Drama-Filled Leaders

Christi Hegstad September 19th, 2013

Our ASPIRE Success Club just wrapped up discussion on a fantastic book by Cy Wakeman called Reality-Based Leadership. In the book, Cy shares practices for eliminating drama in the workplace so you can focus on what matters.

In the course of our discussion, one vibrant member asked an important question: What if your leader is the one causing the drama?

When a coworker or customer thrives on drama (and I’m sure we’ve all met those folks a time or two!), you have several options for navigating that experience. But when it’s your leader, you can easily feel stuck between a rock and a hard place. Do I just have to grin and bear it? Do I speak up – and at what risk? Do I ignore it? 

Here are a few crucial points to keep in mind when a conflict or drama-filled moment arises:

1. Find common ground. What end result can you both agree on, even if your methods differ? What component matters to both of you? You need to start at a common meeting place if you’re going to move forward.

2. Know what motivates him/her. Whether we consciously recognize it or not, we lead (and live) by our values. If your leader has a core value of safety, do what you can to create a safe environment when talking with her – or she won’t hear a word you say. If he values organization and order, present your ideas in an organized manner – or he won’t be able to get past the disorganization.

3. View from a different perspective. A friend of mine shares how, when her children are bickering with one another in the back of the van, she “views them from above” and tries to see things from each one’s perspective before responding. A whiny child can drive you to the edge, but when you can acknowledge that he’s simply overtired and needs a distraction, you’ll handle things much more purposefully and effectively. Transfer this to your workplace – it works wonders.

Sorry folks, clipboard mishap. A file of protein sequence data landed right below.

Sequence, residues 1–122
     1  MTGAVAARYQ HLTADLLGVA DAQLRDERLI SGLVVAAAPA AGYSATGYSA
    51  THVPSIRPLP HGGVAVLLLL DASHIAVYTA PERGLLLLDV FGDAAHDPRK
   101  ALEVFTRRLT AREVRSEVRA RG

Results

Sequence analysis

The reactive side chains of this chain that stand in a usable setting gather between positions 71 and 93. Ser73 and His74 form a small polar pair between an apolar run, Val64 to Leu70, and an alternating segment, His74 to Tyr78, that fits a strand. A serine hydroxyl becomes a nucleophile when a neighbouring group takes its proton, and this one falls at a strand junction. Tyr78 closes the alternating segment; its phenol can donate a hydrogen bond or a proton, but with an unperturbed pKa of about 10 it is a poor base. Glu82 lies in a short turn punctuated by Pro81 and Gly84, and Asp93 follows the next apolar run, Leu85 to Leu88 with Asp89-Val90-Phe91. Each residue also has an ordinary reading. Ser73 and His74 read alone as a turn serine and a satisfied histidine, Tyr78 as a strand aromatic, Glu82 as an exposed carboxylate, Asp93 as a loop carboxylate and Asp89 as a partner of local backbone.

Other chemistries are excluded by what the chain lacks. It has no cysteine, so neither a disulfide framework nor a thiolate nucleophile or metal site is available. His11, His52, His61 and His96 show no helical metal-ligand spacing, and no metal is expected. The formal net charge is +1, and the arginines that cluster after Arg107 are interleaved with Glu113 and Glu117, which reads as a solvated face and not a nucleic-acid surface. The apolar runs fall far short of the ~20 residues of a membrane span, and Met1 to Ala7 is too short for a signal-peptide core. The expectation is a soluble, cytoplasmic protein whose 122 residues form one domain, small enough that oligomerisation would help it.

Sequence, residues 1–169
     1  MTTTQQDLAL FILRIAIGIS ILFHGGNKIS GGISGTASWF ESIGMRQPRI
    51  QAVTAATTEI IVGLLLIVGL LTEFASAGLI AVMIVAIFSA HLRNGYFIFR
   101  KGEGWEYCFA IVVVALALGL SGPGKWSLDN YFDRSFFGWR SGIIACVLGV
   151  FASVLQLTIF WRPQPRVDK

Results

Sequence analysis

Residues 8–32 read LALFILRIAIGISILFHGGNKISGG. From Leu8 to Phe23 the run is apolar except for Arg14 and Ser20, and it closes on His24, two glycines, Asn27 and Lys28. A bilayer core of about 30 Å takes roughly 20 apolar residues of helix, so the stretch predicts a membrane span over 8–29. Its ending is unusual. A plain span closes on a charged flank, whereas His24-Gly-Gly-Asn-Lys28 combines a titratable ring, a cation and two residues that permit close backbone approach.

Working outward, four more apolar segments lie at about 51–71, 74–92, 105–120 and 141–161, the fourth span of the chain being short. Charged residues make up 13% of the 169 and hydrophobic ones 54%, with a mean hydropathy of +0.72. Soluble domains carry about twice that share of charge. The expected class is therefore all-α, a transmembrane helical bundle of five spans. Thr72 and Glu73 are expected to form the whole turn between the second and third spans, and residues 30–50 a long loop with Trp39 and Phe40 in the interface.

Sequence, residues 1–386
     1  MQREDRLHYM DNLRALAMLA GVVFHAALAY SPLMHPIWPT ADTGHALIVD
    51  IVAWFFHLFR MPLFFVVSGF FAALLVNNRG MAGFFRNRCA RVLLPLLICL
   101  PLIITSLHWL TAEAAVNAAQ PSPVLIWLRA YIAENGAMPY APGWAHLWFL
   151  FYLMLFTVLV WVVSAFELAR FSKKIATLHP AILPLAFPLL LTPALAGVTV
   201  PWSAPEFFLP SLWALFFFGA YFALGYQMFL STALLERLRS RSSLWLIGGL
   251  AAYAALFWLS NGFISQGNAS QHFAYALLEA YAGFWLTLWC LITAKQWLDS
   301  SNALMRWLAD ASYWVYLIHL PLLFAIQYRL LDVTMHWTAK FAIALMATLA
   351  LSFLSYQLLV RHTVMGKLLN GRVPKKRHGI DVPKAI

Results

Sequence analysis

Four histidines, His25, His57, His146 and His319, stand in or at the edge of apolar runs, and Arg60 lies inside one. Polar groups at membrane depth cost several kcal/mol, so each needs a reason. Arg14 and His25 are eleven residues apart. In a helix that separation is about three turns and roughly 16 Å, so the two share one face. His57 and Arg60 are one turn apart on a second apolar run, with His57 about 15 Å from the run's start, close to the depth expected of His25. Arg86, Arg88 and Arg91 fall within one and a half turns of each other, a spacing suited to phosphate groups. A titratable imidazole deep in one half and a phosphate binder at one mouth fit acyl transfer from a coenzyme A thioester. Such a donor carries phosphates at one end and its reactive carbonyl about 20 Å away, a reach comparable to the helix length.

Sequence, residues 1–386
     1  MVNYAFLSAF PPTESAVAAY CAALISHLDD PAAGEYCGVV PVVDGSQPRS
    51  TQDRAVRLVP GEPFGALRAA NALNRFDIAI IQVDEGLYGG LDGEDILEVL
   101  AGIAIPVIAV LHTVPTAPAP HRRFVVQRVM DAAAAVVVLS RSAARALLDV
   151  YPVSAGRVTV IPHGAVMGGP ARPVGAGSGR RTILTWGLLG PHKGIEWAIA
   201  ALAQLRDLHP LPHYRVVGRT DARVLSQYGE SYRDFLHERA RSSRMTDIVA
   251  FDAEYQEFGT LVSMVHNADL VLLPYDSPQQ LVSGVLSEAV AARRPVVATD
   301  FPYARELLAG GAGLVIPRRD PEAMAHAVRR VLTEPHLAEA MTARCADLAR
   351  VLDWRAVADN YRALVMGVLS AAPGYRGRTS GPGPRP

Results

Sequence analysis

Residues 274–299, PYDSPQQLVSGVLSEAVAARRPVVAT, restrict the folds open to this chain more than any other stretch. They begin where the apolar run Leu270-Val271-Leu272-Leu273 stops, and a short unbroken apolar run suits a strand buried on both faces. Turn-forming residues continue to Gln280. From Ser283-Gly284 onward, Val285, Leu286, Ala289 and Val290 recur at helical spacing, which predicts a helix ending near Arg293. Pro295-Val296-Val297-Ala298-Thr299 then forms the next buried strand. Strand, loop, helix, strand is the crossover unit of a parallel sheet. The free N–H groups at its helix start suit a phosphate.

If you’ve been with me for any period of time, you’ve likely heard me say, “Look for the lesson.” It’s one of my Guiding Principles – one that has helped me through countless difficulties. Apply that to your drama, too: what lessons can you learn here? Even if the biggest lesson involves learning how not to be as a leader, there’s value in that.

And I’d be remiss not to say, look honestly at how you may contribute to the drama, too. Take responsibility where necessary.

Of course, if the situation involves ethical, moral, or legal issues, that’s another matter altogether. And sometimes, the best solution is to limit time spent with the instigator or leave the situation. In the meantime, hopefully these tips give you insight into the psychology of the person you’re dealing with and allow you to grow and learn gracefully through the process.

How do you navigate drama-filled leadership? Please share your ideas below, on Facebook, or via Twitter.

Spark attendees will go deeper into #2 above, identifying their own core values with our pre-training call next week. We have room for just a few more – click here to join us!

Dr. Christi Hegstad helps you successfully do what you love! As President of MAP Professional Development Inc., she coaches professionals to get unstuck and reach Bold Goals with clarity, confidence, and meaningful action. Learn more at www.meaning-and-purpose.com and follow Dr. Christi on Facebook and Twitter.

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